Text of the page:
Prospecting in Space
A prospector is someone who searches for mineral deposits. In human history, prospectors have panned for gold, drilled for oil, and excavated land for various minerals locked in ore. Prospectors are often driven by the excitement of “making it (a fortune) big on their own.” They endure consequences from a staggering array of risks, which include costs: training, equipment, land permits, their subsistence, hiring helpers, contracting with refiners, transport of people and ore, finding buyers, buying insurance (in case their work damages the property of others or pollutes the environment), health maintenance and repair (sickness or injury), and emotional costs of worker separation from family. Who would want to take on all that risk and the peculiar risks of being off Planet Earth by prospecting in space? Web search the startup company “Planetary Resources.” Also, read the article, Space Mining Comes Down to Earth in the December 2018 issue of Fortune Magazine.
The answer is the same as it was for the prospectors of old. Someone might strike it rich if he or she perseveres and overcomes costs, risks, and consequences of risks. The startup company sees mining potential in asteroids. The asteroid belt is located between Jupiter and Mars. A theory that a planet was once (or supposed to be) there might explain the orbiting band of dangerous rubble. Regrettably, the belt is not between Earth and Mars, because Mars is mankind’s first planetary target for human exploration and possibly colonization. We already know that we need an extraterrestrial source of launch: basing, water, fuel production, and other resources in place as a necessary first step. Why couldn’t non-Earth mined material and manufacture of necessary finished products support an endeavor in space exploration?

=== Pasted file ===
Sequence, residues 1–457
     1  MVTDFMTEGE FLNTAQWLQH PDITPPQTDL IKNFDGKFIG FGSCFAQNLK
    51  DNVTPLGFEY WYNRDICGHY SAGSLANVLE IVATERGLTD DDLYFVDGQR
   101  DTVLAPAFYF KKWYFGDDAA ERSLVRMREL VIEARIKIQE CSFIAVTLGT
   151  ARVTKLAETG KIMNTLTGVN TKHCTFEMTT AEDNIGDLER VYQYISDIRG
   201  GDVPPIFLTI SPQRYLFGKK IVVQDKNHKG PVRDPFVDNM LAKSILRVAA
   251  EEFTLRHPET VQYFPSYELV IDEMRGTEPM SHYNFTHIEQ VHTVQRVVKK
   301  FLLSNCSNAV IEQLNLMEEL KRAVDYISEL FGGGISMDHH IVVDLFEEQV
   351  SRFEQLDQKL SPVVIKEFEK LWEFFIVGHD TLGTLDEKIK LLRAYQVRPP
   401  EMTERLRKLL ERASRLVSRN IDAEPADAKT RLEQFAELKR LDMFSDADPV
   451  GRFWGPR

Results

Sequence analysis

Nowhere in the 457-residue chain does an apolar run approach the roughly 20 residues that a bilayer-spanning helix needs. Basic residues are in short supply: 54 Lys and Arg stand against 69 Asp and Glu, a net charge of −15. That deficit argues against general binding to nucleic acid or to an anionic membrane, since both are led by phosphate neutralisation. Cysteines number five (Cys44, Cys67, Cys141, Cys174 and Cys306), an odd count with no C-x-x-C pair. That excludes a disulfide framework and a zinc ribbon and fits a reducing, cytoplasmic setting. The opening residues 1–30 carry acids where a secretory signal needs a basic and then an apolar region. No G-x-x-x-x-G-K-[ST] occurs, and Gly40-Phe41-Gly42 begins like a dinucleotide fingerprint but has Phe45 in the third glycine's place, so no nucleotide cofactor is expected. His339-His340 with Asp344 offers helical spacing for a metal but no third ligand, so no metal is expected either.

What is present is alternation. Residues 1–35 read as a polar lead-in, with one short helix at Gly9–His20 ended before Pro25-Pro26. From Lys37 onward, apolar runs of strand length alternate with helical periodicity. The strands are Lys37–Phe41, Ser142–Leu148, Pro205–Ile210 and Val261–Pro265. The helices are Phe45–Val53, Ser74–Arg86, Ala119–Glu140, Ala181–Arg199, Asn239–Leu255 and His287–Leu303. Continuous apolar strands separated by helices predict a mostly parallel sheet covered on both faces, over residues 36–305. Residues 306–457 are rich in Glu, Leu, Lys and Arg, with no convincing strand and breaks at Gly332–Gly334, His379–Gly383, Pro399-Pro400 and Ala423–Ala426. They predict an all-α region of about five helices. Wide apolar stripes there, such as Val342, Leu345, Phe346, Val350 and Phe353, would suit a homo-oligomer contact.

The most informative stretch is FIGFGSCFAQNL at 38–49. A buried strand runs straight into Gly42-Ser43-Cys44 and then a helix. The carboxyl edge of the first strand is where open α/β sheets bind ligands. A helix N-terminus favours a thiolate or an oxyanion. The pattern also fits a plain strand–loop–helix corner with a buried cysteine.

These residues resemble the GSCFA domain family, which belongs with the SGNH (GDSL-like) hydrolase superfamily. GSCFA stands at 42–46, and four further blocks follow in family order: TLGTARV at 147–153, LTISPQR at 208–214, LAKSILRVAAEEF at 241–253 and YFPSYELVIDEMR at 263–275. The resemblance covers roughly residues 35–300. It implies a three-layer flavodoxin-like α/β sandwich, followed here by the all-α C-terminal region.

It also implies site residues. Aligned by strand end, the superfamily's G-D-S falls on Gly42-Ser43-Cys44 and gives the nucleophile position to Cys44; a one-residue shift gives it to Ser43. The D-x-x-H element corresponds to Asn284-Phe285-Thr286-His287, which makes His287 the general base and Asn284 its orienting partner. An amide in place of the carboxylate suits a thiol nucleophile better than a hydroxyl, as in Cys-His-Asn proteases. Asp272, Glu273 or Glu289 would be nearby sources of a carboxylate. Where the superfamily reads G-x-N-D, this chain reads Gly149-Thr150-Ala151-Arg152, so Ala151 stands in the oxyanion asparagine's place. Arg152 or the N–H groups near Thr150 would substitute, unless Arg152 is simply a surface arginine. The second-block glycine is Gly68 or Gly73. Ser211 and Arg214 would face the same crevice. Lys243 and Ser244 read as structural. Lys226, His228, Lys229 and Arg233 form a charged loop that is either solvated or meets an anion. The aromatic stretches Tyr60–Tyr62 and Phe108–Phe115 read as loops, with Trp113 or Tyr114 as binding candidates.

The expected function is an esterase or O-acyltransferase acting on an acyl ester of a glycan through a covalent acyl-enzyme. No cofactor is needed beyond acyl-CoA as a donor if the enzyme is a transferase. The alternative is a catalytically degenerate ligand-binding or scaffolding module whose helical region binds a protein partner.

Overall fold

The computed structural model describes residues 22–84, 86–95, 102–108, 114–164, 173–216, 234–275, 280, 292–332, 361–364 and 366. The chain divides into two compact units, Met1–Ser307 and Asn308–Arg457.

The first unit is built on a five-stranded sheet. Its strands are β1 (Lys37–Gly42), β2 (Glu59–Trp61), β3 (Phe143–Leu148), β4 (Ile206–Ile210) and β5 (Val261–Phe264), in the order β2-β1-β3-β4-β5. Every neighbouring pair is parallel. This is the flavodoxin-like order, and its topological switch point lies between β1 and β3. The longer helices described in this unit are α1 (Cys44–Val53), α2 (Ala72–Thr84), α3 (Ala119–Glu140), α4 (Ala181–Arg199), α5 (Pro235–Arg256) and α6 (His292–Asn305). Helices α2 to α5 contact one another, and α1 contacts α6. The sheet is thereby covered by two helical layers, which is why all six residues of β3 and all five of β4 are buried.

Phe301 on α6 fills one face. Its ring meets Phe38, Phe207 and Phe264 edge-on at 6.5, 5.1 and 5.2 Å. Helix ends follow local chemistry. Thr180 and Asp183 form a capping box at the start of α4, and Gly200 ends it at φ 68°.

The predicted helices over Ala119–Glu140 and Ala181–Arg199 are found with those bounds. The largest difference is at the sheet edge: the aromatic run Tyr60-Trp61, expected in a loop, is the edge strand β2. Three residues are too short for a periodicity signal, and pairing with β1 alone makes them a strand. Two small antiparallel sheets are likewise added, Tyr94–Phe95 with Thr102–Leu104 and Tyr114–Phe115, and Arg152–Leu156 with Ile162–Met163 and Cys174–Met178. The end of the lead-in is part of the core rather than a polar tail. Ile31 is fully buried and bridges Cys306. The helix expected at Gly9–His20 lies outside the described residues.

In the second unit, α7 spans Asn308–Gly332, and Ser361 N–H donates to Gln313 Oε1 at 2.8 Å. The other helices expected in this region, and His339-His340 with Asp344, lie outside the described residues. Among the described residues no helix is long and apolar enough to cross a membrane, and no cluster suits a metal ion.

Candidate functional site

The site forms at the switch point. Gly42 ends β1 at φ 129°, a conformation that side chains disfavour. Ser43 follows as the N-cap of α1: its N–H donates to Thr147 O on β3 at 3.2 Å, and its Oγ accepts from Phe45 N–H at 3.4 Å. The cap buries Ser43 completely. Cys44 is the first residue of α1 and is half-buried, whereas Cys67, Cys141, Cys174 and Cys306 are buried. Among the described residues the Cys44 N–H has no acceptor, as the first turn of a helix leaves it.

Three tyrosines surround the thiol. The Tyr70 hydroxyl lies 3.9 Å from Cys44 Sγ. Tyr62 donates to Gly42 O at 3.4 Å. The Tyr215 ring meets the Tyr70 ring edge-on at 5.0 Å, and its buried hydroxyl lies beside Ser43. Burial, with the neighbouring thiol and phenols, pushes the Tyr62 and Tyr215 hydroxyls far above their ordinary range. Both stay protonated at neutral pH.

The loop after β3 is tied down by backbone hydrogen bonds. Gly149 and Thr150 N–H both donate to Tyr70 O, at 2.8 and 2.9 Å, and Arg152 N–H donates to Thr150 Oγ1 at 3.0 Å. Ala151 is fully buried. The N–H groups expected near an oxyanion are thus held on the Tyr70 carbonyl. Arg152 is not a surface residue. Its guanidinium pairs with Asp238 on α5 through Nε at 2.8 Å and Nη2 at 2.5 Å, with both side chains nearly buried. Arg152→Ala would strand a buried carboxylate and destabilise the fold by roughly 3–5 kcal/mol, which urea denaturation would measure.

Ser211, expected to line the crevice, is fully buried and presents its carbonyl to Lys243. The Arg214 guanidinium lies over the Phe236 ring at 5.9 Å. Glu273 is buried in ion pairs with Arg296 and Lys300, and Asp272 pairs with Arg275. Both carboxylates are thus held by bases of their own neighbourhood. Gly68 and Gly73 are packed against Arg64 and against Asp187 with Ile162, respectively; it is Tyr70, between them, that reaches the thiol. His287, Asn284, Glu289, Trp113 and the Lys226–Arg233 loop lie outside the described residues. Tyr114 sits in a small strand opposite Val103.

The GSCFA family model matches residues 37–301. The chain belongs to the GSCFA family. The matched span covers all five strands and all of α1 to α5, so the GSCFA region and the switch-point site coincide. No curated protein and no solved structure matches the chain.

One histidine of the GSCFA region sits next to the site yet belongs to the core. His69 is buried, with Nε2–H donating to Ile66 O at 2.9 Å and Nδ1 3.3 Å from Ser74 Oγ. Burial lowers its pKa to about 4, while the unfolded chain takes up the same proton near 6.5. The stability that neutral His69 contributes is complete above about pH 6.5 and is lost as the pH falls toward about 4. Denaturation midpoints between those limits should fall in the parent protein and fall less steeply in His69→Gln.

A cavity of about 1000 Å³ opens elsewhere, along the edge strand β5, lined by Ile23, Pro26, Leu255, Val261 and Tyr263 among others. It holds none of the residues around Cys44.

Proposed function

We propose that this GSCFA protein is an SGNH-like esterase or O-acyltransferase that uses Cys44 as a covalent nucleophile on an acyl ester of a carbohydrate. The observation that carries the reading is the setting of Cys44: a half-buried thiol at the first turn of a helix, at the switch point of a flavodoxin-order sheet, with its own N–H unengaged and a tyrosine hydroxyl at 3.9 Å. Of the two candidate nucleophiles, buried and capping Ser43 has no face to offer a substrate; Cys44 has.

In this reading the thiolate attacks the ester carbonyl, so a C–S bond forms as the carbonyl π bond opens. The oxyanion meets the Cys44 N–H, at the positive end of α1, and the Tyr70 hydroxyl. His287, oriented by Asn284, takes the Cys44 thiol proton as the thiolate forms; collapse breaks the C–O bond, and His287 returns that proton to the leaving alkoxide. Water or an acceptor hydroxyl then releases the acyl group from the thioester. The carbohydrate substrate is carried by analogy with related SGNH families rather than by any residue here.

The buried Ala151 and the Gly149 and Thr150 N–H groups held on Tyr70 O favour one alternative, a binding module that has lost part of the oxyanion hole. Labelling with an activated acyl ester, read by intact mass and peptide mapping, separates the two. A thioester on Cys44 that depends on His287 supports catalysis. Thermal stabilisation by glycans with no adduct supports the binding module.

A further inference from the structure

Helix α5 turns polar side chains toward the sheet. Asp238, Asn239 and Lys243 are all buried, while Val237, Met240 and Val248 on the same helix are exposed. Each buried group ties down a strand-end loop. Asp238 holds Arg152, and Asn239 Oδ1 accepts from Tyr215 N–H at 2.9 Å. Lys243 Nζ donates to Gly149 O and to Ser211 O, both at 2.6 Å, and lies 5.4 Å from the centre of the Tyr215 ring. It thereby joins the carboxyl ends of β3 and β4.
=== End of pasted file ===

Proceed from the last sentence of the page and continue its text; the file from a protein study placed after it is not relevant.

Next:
Maybe it is not so unfortunate that the asteroid belt is not closer to Earth. Another theory suggests that the planet Jupiter’s gravity holds most of the asteroid field space debris in place. Yet, occasionally, asteroids hit each other, and sometimes one is ejected from its orbit. An ejected asteroid will keep going until it hits something else or the gravity of another planet pulls it into a new orbit. So, maybe, a mining company can have at an opportunistically close asteroid if a large one comes near and stays in orbit about Earth or its moon.
Off-planet Earth endeavors and adventures intrigue human beings even more than the age of sail and its exploration by sea voyages. Yet, the age of sail caused a huge leap forward for mankind. The benefits and the tragedies of it were staggering. I do not see why space exploration will be any different. It must progress from an idea to an idea supported by justification with the means to do it. Maritime ships enabled the ocean exploration and exploitation in earlier centuries. Mankind today has the vision, the justification, and the means to surge into a void once more. I agree that prospectors have a necessary role in space exploration. How exciting! What do you think? #TAG1writer.
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